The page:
His record includes the Dec. 17, 2012, request that the VA made to his Florida doctor for results from a 2008 sleep study. Fisher said the Manchester VA sleep doctor would not give him a new CPAP without the sleep study results from the Florida doctor.
Handwritten notes show the Florida doctor twice sent the paperwork to the VA, the more recent in May 2013. Still, no CPAP.
“There could have been a breakdown in communication. We’re not saying it did (happen), we’re not saying it didn’t,” said Will Gagne, staff assistant to the director of the Manchester VA. Gagne said he could not speak about a specific patient, but he spoke in hypotheticals and generalities.
He said it’s not uncommon for the VA to receive a fax with little information, other than a patient’s name.
The medical information on the fax is entered into a patient’s file, but sometimes there’s no indication why the information was needed, Gagne said.
(Fisher insisted his VA sleep doctor said the VA wouldn’t pay for a new sleep study. The VA’s Gagne said he’d be surprised if the VA would want a 4-year-old sleep study rather than just order a new one.)
Meanwhile, Fisher went through a difficult time.
In November 2013, he was brought to the VA after he got fired and said he wanted to die. The following April, he had suicidal thoughts when his girlfriend left him.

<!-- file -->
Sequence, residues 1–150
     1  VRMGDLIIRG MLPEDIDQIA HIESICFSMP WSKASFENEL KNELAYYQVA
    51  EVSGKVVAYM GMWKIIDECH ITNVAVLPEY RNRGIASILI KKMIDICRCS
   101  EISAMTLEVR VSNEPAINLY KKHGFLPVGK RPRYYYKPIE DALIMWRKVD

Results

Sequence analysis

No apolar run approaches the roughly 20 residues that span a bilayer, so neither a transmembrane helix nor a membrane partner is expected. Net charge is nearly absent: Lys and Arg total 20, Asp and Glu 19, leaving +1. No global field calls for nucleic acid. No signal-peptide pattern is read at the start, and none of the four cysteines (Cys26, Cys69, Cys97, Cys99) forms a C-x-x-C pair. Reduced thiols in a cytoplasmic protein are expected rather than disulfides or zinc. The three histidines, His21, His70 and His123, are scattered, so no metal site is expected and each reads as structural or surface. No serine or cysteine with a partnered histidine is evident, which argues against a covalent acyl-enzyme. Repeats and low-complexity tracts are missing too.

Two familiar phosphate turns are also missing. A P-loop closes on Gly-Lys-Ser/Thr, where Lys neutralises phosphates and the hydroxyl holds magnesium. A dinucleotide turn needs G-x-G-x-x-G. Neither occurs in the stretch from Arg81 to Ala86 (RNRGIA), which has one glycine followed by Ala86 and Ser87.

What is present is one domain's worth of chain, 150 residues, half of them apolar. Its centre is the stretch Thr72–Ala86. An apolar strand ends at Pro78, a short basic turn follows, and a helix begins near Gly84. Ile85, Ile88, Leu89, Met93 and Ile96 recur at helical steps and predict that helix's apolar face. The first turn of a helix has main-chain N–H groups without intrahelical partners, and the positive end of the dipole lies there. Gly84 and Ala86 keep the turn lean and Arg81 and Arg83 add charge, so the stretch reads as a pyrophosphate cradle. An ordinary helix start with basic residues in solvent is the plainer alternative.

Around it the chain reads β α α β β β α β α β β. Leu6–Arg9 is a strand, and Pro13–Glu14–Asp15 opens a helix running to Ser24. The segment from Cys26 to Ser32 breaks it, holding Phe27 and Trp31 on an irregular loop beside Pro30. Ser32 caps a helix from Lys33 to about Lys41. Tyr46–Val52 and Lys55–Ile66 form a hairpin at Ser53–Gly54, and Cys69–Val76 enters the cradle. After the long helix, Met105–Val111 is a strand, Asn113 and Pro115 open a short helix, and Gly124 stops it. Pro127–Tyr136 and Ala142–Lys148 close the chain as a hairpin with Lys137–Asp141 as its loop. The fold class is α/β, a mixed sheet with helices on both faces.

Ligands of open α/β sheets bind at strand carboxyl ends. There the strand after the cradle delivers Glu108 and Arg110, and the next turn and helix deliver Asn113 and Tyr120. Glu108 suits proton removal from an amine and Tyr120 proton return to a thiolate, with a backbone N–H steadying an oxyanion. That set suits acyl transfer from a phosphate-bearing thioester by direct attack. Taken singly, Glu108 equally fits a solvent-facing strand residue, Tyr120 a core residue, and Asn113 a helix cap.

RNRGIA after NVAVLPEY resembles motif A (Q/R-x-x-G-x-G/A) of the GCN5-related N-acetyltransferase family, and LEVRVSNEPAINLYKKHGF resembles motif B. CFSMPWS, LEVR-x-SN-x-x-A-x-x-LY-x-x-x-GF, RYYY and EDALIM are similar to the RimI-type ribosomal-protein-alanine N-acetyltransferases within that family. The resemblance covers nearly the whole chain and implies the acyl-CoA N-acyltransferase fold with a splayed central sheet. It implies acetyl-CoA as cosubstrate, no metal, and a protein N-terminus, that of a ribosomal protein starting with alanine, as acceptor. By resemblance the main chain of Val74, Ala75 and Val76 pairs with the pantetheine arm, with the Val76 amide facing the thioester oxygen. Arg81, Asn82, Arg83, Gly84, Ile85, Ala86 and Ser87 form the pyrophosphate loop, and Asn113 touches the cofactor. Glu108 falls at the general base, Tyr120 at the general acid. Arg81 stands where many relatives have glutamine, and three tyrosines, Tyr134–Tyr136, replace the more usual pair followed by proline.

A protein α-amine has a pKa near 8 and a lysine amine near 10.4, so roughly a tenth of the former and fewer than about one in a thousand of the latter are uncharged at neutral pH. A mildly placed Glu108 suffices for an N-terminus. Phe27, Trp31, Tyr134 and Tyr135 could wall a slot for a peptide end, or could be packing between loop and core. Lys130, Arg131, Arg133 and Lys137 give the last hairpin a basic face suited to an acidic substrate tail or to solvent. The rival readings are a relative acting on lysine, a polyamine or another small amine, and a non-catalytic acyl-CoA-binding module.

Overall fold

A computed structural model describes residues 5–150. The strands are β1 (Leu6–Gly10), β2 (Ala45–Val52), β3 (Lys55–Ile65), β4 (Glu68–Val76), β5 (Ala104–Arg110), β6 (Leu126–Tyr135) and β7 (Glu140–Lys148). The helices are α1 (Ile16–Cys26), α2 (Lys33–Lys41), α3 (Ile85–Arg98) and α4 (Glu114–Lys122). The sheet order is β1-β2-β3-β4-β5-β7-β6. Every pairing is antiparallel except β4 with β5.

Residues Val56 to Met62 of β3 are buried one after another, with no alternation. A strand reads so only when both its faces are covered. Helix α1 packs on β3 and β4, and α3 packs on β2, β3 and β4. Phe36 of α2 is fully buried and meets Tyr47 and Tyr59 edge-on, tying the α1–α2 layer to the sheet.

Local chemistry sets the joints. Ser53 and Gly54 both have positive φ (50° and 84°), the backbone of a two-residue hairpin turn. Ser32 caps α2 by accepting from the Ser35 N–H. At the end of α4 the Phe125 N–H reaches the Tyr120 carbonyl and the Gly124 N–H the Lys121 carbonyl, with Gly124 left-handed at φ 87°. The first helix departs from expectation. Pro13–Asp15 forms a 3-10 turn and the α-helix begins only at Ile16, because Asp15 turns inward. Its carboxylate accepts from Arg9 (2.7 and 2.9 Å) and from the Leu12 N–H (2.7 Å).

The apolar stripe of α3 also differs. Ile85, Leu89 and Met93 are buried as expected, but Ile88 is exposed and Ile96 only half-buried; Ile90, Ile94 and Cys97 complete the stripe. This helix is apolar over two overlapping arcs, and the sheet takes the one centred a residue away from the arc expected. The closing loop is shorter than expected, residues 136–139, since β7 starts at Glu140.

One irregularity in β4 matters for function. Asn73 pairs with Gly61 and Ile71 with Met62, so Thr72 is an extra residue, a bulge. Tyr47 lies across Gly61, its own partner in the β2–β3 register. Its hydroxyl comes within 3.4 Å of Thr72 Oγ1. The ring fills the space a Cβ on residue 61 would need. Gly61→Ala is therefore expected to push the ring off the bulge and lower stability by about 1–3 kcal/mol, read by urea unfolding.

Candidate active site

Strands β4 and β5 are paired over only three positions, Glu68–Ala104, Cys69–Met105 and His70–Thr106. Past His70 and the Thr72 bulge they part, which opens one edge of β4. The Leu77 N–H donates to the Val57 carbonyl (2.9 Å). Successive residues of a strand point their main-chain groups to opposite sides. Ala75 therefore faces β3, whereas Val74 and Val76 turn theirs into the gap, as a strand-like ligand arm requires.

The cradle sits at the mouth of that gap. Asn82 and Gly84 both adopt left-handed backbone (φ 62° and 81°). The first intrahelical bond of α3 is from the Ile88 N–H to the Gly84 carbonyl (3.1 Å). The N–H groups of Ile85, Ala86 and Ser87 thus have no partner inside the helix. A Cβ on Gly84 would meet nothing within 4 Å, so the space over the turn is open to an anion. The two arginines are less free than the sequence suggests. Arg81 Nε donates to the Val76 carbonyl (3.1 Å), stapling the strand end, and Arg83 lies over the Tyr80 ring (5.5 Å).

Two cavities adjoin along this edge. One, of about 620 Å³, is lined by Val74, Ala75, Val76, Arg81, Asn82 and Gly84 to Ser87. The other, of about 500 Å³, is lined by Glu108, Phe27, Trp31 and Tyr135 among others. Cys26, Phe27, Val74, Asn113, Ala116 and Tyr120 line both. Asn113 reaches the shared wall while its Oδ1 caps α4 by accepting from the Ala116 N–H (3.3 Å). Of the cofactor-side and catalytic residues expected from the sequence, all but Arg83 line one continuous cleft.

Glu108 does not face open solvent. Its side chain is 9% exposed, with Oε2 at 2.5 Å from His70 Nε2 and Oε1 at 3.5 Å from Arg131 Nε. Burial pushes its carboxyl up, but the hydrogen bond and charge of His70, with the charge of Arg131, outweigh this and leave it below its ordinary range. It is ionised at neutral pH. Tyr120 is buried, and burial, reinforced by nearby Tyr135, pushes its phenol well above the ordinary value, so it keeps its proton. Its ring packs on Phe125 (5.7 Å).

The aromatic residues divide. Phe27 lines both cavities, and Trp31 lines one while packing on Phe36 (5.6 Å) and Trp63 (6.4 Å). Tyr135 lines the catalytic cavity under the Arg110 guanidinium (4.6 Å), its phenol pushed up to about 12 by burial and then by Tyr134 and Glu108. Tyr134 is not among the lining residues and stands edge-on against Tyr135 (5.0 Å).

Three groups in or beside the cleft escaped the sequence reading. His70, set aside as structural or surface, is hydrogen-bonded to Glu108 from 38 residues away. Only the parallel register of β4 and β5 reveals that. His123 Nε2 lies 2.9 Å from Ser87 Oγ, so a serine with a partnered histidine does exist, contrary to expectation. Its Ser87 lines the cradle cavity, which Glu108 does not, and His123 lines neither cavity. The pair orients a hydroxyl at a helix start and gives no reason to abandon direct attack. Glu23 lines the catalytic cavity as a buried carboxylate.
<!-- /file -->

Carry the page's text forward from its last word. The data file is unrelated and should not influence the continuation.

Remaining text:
During other visits, he asked the VA for stronger sleeping pills. According to his record, he made no inquiries about the CPAP machine until July 2014.
“I was concerned about other (health) problems,” Fisher said. “I kept on waiting (for the CPAP machine).”
He said his lack of sleep is to blame for his recent problems, and he thinks sleep problems contributed to earlier problems in his life, which include feelings of depression and hopelessness.
Although Fisher visits the VA a lot, he does not come across as someone who over-doctors and doesn’t take charge of his health. In the last two years, he’s lost nearly 80 pounds, and at 6-foot, 2-inches, he’s a muscular 210 pounds.
He doesn’t smoke, and his VA record shows no problems with alcohol or drug abuse.
His life may be turning for the better.
A stepdaughter has moved to New Hampshire with her children to be close to him. He’s taking an anger management course at the VA. He went back to work recently. And on Tuesday night, he slept four to five hours — a little longer than usual, although he said the sleep was erratic.
The machine will need some adjustments, as will he.
“People at the VA, in their defense, they’re overwhelmed. It’s all about money, budget cuts,” Fisher said. And the country has changed from the late 1960s, he said, when gas was cheap and everyone pitched in to help each other.
“My belief in God is more than my belief in my country now,” he said, “It’s sad because I went to Vietnam and fought for my country.”
Mark Hayward’s City Matters appears Thursday in the New Hampshire Union Leader and UnionLeader.com. He can be reached at firstname.lastname@example.org.